As we kick off in January I’m wondering how many of us have taken the time to write a business plan for a successful year?
Due to being unexpectedly busy with the “12 Days of Christmas Contest” the last few weeks (a last minute idea), we started our business development plan though it is not yet complete. I’m excited to get it done as I know the difference it will make.
Many of the creatives and coaches I speak with often resist having a business plan and this can be for one of a few reasons:
- They like to work intuitively and feel that a plan will take away their freedom and therefore their inspiration.
- They love variety and think that a plan will mean that they have to do the same things all the time and they’ll be bored.
- The plans they see others have look too long and complicated and they don’t know how to create one that suits their style of working.
In looking at the Talent Dynamics square we can see that, generally speaking, those with high Steel and/or Tempo energies tend to be naturally good at planning and probably wouldn’t feel that comfortable without one in place.
So who I’m talking about here are those with high Dynamo energy (naturally innovative and big picture thinkers) and high Blaze energy (outgoing, colourful and great at leading from the front).
Is it really that important you may ask? If you’re a solo entrepreneur or small business then there’s no need for 5 year business plans and spreadsheets for the bank or shareholders. Don’t they always get shoved into a drawer and never looked at anyway?
Yes, you’d be correct in thinking that many traditional business plans are done as an exercise and then seemingly disappear into a black hole. However, these businesses have got systems and processes in place that probably make a lot of the business plans happen automatically. Can you say the same for your business?
When there isn’t a plan this is what business owners tell me happens:
- They get easily distracted and get to the end of weeks sometimes not really feeling like they’ve achieved very much.
- It’s challenging to make decisions because they are unclear of their priorities.
- They waste time and money with projects and partnerships that take them off course because they don’t really know where they’re headed
- They can feel unmotivated and drift and/or
- Work really very hard for not much return
What a small business really needs is a working plan that will help to focus the owner/team on what is important right now and keep an eye on the next steps.
So here’s my top tips to help you get more out of 2014.
- Get really clear on the purpose of your business. Why is it important to you? What does it exist to do (apart from make you money!)?
- Look at what stage of business development your business is at right now. Do you have a proven concept that customers are repeatedly buying? How clear are you on your brand and your ideal customers? Are you at the stage where you can start to look at joint ventures and deals or are the people who you’d like to do business with, unlikely to want to do business with you… yet.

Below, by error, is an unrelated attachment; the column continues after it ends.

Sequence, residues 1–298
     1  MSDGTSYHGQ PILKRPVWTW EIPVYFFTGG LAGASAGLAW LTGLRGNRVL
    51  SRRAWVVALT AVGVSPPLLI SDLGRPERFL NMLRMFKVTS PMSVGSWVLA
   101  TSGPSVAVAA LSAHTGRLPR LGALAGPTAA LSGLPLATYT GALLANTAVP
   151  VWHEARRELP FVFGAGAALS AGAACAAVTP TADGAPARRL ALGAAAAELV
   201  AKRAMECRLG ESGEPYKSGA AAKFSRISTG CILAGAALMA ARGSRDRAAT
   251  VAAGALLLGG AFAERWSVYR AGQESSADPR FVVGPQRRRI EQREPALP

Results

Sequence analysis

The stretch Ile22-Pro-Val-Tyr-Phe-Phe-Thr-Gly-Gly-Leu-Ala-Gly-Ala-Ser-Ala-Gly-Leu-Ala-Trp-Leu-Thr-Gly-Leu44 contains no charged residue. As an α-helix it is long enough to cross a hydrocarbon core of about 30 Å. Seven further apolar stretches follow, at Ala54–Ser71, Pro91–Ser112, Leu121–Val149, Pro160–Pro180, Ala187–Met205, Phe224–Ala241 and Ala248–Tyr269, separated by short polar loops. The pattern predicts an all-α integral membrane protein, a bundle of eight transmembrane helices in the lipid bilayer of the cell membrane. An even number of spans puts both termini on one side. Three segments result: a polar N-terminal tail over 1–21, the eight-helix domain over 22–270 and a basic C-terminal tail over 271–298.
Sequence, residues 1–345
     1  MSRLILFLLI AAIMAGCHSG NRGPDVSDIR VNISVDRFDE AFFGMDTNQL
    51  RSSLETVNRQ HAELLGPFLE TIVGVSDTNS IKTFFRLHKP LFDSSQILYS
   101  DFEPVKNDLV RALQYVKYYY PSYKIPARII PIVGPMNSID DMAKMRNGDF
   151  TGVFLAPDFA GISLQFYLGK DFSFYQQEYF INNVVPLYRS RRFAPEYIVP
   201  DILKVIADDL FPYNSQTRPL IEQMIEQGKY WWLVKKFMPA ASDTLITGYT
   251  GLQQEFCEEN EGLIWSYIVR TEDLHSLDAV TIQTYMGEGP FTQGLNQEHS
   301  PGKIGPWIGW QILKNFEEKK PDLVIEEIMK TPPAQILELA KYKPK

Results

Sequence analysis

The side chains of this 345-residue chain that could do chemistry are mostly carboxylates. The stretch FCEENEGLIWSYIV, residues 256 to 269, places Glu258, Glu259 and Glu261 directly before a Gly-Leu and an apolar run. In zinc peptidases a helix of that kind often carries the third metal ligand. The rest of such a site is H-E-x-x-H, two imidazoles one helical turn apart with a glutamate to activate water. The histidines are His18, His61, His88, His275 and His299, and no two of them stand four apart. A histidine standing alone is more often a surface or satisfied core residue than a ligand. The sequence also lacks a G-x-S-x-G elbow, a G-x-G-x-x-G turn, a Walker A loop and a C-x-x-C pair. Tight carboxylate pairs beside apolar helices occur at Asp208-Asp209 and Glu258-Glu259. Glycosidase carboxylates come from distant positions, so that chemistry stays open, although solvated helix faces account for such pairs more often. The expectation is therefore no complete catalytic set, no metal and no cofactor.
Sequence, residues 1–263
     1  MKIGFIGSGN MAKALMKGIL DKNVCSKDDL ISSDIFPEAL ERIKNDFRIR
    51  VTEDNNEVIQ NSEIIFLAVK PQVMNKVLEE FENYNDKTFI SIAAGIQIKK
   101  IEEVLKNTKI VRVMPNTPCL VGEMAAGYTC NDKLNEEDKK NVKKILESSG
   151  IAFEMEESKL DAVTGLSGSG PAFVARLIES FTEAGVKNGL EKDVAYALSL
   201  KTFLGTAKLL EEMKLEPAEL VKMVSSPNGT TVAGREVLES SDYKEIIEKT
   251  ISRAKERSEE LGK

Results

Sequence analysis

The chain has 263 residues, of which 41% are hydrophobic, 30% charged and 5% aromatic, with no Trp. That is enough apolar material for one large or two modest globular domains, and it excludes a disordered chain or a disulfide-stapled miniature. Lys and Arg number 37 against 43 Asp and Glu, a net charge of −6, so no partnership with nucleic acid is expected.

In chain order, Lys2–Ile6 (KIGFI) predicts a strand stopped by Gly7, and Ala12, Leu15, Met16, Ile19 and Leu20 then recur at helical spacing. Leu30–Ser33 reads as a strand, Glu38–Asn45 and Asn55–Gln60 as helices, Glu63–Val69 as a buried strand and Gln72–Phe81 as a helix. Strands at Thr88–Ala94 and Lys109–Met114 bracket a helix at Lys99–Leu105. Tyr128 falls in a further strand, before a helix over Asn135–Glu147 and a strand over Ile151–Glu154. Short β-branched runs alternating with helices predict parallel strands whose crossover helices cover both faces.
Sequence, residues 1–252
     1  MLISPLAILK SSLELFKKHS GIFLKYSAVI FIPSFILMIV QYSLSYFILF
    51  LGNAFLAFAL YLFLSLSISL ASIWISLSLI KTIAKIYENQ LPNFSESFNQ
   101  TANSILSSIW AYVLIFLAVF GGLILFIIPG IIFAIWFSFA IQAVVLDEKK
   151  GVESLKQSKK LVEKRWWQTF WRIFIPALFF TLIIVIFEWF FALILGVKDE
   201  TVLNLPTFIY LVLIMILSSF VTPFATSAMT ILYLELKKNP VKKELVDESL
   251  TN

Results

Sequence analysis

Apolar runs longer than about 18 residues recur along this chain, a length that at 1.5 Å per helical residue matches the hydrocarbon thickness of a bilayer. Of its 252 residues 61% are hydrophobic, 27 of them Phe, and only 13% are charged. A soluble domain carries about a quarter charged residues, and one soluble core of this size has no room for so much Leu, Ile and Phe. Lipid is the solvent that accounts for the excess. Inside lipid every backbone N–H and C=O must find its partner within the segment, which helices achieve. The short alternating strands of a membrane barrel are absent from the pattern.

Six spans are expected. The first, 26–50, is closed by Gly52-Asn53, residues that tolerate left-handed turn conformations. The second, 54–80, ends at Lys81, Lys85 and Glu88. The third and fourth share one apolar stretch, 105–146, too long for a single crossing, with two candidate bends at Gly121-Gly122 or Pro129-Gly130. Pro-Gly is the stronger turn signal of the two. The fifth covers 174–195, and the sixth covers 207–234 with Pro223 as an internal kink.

- Decide on the top 4-7 things that must be in place to get your business to the next level.
- Look at the projects and processes you need to have in place to achieve these.
Those with Dynamo and Blaze energies often are fading by now and will only plan as far as step 3 or 4… These next 3 steps are however vital for business plan success.
- What resources do you need to implement these projects and processes? This means looking at how long it takes to do different activities – without underestimating! Who is the best person to do different tasks? Do the tasks match their natural strengths and challenges. What could you outsource or delegate to your team? If you don’t have a team yet, look at how much revenue you wish to generate this year and decide to allocate a proportion of that revenue to a team to help you achieve it.
- When are things going to happen? Here I would suggest to plan the next 3 months in detail. Then you can review the other activities at the end of that 3 months to see what of these are the priority, do some of them need to be changed, etc.
- Measures. This is often the area that small businesses completely ignore. Have you ever heard the saying,
“If you treasure what you measure, measure what you treasure.”
So decide on some simple important measures at least around your finances and marketing. Then comes the really important bit. Measure and review those on a scheduled basis – along with your projects and processes.
So now you have no excuse not to write a business plan, in fact above you really have a business plan template to get you going. If it seems too overwhelming to do it on your own, work with a fellow business owner to do your plans together or contact me to discuss how I could help add 5- or 6-figures to your revenues this year.
What’s your view on this approach to business planning? Could you see it working for you, or not? Let me know in the comments below.